I thought, how do I get to LA and New York? I have no money. I thought of Tyler [Mitchell] and Tyler’s amazing. So I was like, okay, I definitely need to shoot with Tyler somehow. I linked Lu and Tyler in an email and I was like, this is what I’m thinking about for the next shoot and I want it to be about womanhood and sisterhood in terms of how you shoot it. Because the strong people in my life are women. I don’t really have many male strong figures. Despite the last issue having a female on the cover, there’s quite predominantly a lot of males in the issue so I wanted to pay homage to my mum and my aunties out there. There’s a lot of women that have touched me through music, so it makes sense to.
Tyler was amazing as usual, like, “Let’s show a generational love.” And then he was like, “Let’s sit down with a girl, I want someone’s kid.” He got these three amazing girls and he worked with such a tight turnaround. I feel it was about a week we planned this and shot it. Lu was touching down just at the right time so there was a one day window to shoot it all.
I was so depressed when they were shooting and when I got the images through, I had been sitting in my house for four days. I called Tyler and I was like, “This is giving me a little fire to keep going. Thank you.”
What other musicians would you like to shoot?
Of course Solange because I saw her play at Cannes Lions and I was right at the front of the stage. I remember she was performing F.U.B.U., but then she said something poignant that flipped a switch in my mind. We were there with our fists in the air saluting. It was an out of body experience; this is the feeling of the people I want to surround myself with. I’d love to shoot her not for who she is but how she made me feel. Even if this was a little girl in the street, if she made me feel the same way I’d be like, I’d love to shoot you because it wasn’t gimmick, it was pure artistry and it would transcend human communication when you’re all in that crowd of space and you’ve got these lovely brown people.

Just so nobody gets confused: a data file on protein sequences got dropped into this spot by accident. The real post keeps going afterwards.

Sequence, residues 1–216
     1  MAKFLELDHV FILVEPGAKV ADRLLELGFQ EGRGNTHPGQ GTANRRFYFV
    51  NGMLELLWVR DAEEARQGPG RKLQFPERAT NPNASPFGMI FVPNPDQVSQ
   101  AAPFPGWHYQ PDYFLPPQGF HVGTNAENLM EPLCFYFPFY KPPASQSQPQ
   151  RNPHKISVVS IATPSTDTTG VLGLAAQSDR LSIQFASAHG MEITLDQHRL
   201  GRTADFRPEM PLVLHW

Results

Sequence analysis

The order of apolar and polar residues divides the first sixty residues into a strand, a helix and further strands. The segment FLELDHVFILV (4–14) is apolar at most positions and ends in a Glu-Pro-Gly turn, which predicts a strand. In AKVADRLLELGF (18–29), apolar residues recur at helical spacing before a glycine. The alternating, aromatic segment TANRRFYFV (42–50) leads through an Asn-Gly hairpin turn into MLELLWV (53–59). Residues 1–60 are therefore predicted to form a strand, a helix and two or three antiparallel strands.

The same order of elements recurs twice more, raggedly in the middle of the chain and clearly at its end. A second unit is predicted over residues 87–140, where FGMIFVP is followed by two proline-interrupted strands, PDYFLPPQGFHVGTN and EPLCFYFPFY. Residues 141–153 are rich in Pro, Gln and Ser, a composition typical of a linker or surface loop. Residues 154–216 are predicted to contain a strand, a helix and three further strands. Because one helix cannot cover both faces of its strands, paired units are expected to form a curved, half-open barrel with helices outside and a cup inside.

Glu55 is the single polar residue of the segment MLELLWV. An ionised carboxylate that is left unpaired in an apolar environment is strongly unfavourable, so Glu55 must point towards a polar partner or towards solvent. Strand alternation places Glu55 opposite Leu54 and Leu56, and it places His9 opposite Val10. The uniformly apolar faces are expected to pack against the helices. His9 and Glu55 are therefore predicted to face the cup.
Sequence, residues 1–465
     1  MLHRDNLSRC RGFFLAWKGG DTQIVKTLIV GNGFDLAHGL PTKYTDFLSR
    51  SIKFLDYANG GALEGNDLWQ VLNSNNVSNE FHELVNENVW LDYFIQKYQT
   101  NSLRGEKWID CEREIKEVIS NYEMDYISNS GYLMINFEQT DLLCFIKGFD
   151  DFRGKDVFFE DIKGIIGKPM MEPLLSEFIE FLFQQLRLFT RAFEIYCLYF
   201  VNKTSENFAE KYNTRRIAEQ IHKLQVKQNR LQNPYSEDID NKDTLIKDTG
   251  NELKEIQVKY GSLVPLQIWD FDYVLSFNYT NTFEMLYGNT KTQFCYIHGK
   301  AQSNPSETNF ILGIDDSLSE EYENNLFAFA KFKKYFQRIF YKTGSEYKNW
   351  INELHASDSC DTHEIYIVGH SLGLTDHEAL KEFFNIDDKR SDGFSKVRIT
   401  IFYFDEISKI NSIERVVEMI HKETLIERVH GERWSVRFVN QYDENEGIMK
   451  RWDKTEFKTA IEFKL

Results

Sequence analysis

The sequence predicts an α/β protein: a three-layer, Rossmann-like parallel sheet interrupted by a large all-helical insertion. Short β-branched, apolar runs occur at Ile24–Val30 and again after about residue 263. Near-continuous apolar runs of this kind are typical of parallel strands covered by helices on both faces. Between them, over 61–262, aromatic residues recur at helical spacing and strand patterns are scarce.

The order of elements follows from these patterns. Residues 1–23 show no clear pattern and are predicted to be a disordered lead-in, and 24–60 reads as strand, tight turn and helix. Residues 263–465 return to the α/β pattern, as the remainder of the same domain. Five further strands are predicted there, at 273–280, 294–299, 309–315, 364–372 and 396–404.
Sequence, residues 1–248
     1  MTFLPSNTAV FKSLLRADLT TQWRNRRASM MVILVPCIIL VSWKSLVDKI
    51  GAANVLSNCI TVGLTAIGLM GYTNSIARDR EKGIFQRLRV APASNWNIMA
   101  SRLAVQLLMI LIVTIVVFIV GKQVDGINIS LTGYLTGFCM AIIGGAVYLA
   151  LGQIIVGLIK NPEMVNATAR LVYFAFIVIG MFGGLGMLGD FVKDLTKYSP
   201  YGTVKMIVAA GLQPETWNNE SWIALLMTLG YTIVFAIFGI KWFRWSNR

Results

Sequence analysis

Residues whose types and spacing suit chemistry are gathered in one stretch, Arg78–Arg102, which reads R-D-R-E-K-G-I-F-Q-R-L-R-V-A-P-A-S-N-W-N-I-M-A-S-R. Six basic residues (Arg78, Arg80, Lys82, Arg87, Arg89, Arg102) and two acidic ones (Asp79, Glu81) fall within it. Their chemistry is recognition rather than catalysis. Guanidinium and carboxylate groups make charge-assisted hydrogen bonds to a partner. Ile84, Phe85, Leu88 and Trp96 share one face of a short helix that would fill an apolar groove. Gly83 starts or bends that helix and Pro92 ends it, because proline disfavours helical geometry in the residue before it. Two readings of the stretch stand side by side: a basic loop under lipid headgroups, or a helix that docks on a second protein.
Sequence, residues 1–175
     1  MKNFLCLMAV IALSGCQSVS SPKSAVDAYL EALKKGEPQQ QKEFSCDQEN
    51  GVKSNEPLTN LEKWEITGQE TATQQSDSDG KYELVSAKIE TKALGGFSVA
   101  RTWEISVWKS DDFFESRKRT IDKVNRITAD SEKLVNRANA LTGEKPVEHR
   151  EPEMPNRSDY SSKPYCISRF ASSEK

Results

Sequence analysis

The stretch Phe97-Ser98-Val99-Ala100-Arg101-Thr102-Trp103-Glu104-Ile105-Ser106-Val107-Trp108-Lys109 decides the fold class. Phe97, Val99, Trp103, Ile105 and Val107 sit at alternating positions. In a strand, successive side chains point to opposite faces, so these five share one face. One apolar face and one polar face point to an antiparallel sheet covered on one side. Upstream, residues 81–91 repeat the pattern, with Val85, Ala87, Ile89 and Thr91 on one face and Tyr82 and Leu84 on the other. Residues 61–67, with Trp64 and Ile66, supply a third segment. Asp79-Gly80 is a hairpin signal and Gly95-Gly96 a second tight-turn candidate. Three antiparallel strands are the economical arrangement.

I’d love to shoot Sade. Her songs got me through a lot as a kid. I’d love to shoot Blackpink. Dev Hynes. Leon Bridges. And Lana Del Rey but that’s probably not going to happen. Azealia Banks. I’ve had dreams.
Why did you decide to take a non-confrontational approach with the magazine’s tagline (‘Here to educate, not to irritate’) and what are your thoughts on clapback culture?
The reason why I took this non-confrontational approach, I was just tired. I felt like I was screaming and that no one could hear me, and it became very emotionally draining to the point where you just don’t want to do anything. I was, and I still am, very confrontational. In the words of Nicki Minaj: “I’m quick to check a bitch if she is out of line”. Because you have to but I think in the manner in which you have to do so, you have to change and do it in a way where you leave them with facts only.